Roots lie in pioneering days for Biggenden garden
AN AVID collector of all things old, Gerry Cooper, with wife Julie, has transformed his spare allotment into a masterpiece.
The Biggenden couple has lived at 60 Edward St since 1980.
Gerry said when they moved the allotment was full of bindi eye and mango trees.
"We did the wrong thing planting 40 palm trees - they have been removed also."
The allotment is now a spectacular masterpiece called Cooper's Ridge - and proves you don't have to have flowers to have a garden.
Julie said the garden started when her sister Debbie wanted to have an engagement party.
Gerry and his mate Craig Nelson threw ideas around over a few beers and planned the garden.
It was planned in five phases starting at the front and then it just kept growing and growing.
Gerry said they originally had a pond at the front filled with about 55 goldfish that grew to about a foot long.
"They ended up being given away," he said.
"We filled the pond in with dirt and it now has a bridge over it made of silkstone.
"The pine tree at the front of the house over a time was carved by Craig to resemble Chinese lanterns."
Cooper's Ridge has a number of buildings including a cream shed from Carruthers Orchard and a blacksmith shop constructed from recycled timber filled with memorabilia.
The old shed, from the back of a Walsh St residence, is filled with old tools.
Gerry said four posts from Jack Randall's grandfather's laundry and 100-year-old flitches from Maitland's at Brooweena made up other constructions.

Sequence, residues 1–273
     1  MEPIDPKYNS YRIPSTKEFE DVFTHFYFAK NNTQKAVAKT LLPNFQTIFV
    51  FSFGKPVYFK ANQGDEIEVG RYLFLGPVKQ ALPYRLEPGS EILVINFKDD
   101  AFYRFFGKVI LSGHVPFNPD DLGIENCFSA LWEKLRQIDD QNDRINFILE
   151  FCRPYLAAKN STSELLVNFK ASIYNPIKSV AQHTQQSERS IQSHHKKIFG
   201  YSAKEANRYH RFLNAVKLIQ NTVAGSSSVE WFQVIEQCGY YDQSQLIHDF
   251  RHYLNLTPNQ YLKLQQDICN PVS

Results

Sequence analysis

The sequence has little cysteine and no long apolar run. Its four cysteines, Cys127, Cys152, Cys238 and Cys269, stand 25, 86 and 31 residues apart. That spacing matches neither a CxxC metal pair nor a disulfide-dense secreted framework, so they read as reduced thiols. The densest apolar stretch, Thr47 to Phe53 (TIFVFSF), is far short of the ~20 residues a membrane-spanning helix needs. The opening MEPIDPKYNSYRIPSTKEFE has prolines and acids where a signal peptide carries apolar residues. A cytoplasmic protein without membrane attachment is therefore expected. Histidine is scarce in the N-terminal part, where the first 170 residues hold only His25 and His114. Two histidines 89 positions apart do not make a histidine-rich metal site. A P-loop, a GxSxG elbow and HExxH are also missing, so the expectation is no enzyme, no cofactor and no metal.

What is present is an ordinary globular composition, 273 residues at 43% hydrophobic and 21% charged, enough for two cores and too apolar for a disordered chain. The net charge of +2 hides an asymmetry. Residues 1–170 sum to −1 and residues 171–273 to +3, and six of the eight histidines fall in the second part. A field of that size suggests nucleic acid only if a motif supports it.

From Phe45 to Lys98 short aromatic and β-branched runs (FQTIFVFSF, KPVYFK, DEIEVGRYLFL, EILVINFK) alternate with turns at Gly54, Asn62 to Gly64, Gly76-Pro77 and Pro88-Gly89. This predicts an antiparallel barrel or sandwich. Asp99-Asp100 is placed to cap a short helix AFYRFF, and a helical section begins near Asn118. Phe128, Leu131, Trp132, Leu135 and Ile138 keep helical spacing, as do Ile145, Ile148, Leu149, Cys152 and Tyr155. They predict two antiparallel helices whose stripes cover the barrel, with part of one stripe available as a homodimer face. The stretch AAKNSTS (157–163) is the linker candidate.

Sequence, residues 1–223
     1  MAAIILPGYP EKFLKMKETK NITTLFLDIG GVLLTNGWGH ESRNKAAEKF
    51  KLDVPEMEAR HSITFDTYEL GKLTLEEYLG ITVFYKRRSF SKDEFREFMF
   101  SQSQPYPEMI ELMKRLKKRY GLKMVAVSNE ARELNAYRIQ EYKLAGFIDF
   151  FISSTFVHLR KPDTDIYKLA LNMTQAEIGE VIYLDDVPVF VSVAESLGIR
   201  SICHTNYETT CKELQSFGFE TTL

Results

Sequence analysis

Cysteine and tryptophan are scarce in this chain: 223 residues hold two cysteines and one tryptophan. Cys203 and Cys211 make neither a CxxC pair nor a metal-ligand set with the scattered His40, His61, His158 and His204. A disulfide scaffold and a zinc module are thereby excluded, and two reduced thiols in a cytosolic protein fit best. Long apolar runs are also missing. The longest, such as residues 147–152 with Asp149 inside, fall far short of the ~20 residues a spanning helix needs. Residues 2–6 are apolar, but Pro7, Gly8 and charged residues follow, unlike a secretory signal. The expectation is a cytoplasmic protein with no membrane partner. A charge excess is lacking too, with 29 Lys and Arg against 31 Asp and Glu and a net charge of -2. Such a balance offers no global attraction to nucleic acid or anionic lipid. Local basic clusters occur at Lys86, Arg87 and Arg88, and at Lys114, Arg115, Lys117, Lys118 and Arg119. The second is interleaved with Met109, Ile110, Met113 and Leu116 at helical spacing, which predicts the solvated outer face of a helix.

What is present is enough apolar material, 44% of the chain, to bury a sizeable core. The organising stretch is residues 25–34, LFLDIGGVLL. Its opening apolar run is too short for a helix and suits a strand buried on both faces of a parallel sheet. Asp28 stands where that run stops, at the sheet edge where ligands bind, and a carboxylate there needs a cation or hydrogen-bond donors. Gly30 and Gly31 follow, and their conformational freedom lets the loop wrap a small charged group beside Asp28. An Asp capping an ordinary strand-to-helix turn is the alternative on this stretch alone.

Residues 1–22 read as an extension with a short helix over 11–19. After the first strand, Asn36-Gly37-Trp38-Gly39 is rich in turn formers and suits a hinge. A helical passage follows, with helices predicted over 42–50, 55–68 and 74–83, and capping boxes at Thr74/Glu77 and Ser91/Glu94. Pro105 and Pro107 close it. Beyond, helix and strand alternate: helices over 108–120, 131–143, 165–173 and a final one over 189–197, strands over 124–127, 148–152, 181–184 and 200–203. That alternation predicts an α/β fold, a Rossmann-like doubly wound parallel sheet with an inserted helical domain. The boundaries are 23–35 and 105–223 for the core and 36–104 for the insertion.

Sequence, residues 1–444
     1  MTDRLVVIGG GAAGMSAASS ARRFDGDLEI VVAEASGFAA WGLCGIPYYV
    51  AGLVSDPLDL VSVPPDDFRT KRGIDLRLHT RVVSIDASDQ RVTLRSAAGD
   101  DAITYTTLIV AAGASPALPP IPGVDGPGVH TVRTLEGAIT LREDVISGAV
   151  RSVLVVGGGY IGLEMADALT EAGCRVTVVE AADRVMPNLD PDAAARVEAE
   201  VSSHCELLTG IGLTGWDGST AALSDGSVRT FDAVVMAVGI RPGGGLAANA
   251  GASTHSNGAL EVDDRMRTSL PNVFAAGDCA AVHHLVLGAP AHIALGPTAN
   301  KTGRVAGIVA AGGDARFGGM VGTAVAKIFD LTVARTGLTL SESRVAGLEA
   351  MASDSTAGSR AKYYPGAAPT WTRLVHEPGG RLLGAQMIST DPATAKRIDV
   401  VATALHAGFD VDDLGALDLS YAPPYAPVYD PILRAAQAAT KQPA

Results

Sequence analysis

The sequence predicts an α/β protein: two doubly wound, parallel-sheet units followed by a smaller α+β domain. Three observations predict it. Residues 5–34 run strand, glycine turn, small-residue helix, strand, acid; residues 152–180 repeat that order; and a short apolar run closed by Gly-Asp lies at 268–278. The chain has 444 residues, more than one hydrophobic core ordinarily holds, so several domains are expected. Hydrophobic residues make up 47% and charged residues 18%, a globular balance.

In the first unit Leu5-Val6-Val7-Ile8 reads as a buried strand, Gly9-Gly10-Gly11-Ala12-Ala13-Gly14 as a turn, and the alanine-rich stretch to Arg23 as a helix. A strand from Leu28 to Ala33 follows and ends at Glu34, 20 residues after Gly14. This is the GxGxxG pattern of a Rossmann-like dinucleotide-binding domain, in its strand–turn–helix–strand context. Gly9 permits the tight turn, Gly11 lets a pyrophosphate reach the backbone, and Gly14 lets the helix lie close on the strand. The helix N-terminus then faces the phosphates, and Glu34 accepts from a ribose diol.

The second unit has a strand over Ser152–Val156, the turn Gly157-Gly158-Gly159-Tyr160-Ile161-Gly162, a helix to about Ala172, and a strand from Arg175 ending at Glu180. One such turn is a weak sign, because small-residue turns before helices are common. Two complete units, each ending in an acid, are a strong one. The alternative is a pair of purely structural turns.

"Timber from Page's Bridge has been recycled into a picnic area called Cooper's Overflow," he said.
"Anything can be recycled and put to good use."
Another section depicts a mine. Gerry said the material for the wheels and wagons originated from the dump.
"The wagons are actually air-conditioner ducts," he said.
Gerry and his mates took 18 months to get a rock crusher from Many Peaks working. The white metal bearings had melted because of a fire.
"New bearings had to be made," he said.
"The day we got it up and running we celebrated with a sausage sizzle."
If anyone wonders why the Coopers always have a green lawn, it because they have their own bore at the back of the property.
Julie said the garden was easy to maintain.
"We don't have many flowers but what we have are drought tolerant," she said.
Another find from the dump turned out to be an Air Force metal work project.
Gerry said it was six pieces of sheet metal folded into the shape of a vehicle.
"Craig added wheels to it and it sits at the side of the house."
The grandchildren love to go to grandma and granddad's garden.
Chloe is fascinated by the baby lizard that has made its home in the garden.
Along with brother Ben, Chloe also loves when the sprinkler is attached to the bore as the water is freezing cold.
Over the years the couple has decorated the allotment with lights at Christmas time.
Gerry said next on his agenda was to go through the sheds and sort out his treasures.
The Coopers said people were welcome to stop by and walk through their "garden".